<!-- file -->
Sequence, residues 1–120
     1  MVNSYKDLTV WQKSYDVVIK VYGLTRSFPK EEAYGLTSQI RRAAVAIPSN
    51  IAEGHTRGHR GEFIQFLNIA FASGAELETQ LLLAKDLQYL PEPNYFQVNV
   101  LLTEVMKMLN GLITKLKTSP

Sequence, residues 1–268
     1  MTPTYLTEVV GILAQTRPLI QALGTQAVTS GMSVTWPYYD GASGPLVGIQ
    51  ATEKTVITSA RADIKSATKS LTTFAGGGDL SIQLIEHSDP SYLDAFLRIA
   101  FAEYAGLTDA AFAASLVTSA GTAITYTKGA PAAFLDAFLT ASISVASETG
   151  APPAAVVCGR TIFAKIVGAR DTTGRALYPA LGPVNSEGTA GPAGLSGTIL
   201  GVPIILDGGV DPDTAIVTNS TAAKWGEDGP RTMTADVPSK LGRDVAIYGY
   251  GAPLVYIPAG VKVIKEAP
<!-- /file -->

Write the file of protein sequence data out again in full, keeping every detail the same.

Sequence, residues 1–120
     1  MVNSYKDLTV WQKSYDVVIK VYGLTRSFPK EEAYGLTSQI RRAAVAIPSN
    51  IAEGHTRGHR GEFIQFLNIA FASGAELETQ LLLAKDLQYL PEPNYFQVNV
   101  LLTEVMKMLN GLITKLKTSP

Sequence, residues 1–268
     1  MTPTYLTEVV GILAQTRPLI QALGTQAVTS GMSVTWPYYD GASGPLVGIQ
    51  ATEKTVITSA RADIKSATKS LTTFAGGGDL SIQLIEHSDP SYLDAFLRIA
   101  FAEYAGLTDA AFAASLVTSA GTAITYTKGA PAAFLDAFLT ASISVASETG
   151  APPAAVVCGR TIFAKIVGAR DTTGRALYPA LGPVNSEGTA GPAGLSGTIL
   201  GVPIILDGGV DPDTAIVTNS TAAKWGEDGP RTMTADVPSK LGRDVAIYGY
   251  GAPLVYIPAG VKVIKEAP